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A new post on Xbox Wire from Mike Lavin, Xbox Live senior product marketing manager, provides a brief explanation about how Xbox One’s matchmaking system—Smart Match—operates.

Smart Match pairs players based on”reputation, skill, language, age, and even your specific gameplay style.” Language, in this instance, referring to your native tongue (not whether you spew obscenities and racist/misogynistic slurs—though it’d be great if it could sort those who do from those who don’t).

According to Lavin, while Smart Match is considerably speedier than matchmaking on Xbox 360, one of the perks to operating on the Xbox One is the ability for players to multitask using the Xbox One Snap feature while Xbox Live conducts its matchmaking. Lavin says Xbox One owners can even kill time playing another game while they wait for Smart Match to find the “perfect game” for them. Once it does, the system sends players a prompt that allows them to easily jump into a multiplayer match (although, this begs the question: what happens to the game they were playing while waiting?

Lavin promises more information—specifically regarding how reputation plays into the Xbox One’s matchmaking—tomorrow.

Play Other Games, Multitask While Xbox One’s Smart Match Handles Matchmaking

By Chris Holzworth | 07/30/2013 12:54 PM PT

News

A new post on Xbox Wire from Mike Lavin, Xbox Live senior product marketing manager, provides a brief explanation about how Xbox One’s matchmaking system—Smart Match—operates.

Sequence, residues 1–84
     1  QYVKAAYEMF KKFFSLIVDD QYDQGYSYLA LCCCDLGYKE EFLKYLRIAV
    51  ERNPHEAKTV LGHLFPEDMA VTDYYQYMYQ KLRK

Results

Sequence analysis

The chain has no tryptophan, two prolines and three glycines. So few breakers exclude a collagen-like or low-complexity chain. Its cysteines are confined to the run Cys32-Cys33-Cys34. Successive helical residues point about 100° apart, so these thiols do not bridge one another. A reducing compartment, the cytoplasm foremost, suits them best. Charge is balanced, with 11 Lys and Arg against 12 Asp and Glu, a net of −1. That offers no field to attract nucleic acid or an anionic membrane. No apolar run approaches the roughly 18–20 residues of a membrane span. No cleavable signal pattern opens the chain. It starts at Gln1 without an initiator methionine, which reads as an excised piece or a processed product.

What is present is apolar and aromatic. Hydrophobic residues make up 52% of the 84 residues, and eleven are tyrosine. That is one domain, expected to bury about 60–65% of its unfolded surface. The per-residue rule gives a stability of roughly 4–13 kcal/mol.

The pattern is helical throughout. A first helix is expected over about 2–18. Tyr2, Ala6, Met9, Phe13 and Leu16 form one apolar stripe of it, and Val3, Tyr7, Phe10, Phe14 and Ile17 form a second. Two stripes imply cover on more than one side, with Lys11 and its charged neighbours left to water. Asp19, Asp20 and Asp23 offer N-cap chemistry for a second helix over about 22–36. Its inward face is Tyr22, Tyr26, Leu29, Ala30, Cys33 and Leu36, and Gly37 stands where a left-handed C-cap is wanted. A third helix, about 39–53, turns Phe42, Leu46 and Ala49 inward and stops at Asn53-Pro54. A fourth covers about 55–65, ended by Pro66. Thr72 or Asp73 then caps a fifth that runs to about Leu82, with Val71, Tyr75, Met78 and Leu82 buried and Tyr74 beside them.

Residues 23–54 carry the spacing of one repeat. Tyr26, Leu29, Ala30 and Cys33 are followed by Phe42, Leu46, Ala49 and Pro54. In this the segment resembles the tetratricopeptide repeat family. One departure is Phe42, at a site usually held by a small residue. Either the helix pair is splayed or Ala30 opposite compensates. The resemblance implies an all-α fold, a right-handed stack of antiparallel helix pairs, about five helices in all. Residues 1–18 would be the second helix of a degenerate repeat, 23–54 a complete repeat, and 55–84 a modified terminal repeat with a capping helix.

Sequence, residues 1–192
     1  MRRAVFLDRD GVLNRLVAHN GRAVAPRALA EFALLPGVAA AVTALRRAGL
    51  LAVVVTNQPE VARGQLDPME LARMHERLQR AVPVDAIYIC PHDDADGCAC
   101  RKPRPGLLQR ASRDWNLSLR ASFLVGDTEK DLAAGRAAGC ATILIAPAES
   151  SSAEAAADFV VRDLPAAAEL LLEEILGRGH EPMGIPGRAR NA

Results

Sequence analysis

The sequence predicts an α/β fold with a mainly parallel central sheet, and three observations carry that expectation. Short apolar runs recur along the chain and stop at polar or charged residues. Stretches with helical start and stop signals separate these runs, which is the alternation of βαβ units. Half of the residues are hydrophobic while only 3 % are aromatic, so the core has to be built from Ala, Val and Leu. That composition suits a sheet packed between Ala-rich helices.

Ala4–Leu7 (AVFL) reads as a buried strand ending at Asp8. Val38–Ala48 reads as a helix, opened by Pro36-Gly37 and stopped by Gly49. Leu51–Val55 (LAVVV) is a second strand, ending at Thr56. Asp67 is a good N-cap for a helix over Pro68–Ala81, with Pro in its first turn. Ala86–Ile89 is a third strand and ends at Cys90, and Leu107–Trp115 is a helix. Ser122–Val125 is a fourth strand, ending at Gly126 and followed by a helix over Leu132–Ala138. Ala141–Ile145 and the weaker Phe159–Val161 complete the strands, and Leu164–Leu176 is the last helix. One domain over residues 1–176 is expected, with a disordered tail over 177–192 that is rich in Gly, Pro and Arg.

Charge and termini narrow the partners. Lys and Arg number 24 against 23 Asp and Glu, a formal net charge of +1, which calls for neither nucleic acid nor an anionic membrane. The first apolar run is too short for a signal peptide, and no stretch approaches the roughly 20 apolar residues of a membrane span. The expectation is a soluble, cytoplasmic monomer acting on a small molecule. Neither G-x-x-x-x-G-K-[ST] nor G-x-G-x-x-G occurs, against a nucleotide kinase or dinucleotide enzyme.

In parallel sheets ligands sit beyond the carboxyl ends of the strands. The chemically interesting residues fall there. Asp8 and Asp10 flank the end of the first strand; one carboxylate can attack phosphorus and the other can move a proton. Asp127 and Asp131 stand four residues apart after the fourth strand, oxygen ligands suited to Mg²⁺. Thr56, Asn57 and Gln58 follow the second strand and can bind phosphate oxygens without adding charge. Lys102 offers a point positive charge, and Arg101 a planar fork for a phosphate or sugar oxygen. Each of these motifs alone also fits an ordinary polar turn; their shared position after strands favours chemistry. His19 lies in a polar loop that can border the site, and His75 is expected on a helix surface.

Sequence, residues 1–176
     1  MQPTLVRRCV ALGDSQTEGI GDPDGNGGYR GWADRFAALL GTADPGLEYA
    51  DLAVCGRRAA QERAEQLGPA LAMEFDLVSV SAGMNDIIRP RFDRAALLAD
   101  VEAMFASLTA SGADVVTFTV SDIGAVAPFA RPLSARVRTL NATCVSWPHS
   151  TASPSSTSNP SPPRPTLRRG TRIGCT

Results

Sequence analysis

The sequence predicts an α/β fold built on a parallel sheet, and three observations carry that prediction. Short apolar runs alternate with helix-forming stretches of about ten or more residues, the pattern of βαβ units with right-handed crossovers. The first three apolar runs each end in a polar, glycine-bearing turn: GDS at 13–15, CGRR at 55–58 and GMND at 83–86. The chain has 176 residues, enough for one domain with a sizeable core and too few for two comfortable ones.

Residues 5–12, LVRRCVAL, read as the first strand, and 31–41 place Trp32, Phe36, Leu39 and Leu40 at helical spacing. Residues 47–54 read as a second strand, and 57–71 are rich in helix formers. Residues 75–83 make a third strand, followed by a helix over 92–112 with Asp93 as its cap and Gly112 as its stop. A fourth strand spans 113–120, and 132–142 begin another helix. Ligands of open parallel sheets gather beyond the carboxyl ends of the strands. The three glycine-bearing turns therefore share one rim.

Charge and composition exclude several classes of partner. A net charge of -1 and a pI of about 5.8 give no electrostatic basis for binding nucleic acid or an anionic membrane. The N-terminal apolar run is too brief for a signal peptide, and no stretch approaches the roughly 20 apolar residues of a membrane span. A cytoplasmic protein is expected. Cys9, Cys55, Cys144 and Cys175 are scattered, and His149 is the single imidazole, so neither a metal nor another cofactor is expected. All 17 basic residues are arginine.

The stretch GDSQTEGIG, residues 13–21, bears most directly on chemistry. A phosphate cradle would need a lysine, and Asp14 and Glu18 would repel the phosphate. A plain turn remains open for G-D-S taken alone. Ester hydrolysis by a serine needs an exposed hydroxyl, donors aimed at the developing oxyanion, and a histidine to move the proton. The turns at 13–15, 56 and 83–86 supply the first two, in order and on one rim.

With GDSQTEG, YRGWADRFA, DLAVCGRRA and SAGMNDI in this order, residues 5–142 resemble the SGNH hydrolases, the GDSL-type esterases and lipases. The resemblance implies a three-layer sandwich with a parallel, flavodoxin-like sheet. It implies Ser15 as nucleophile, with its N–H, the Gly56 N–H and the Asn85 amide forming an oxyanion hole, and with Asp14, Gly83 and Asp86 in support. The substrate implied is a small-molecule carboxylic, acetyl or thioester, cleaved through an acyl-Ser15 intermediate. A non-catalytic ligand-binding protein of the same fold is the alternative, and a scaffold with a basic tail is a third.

Smart Match pairs players based on”reputation, skill, language, age, and even your specific gameplay style.” Language, in this instance, referring to your native tongue (not whether you spew obscenities and racist/misogynistic slurs—though it’d be great if it could sort those who do from those who don’t).

According to Lavin, while Smart Match is considerably speedier than matchmaking on Xbox 360, one of the perks to operating on the Xbox One is the ability for players to multitask using the Xbox One Snap feature while Xbox Live conducts its matchmaking. Lavin says Xbox One owners can even kill time playing another game while they wait for Smart Match to find the “perfect game” for them. Once it does, the system sends players a prompt that allows them to easily jump into a multiplayer match (although, this begs the question: what happens to the game they were playing while waiting?

Lavin promises more information—specifically regarding how reputation plays into the Xbox One’s matchmaking—tomorrow.

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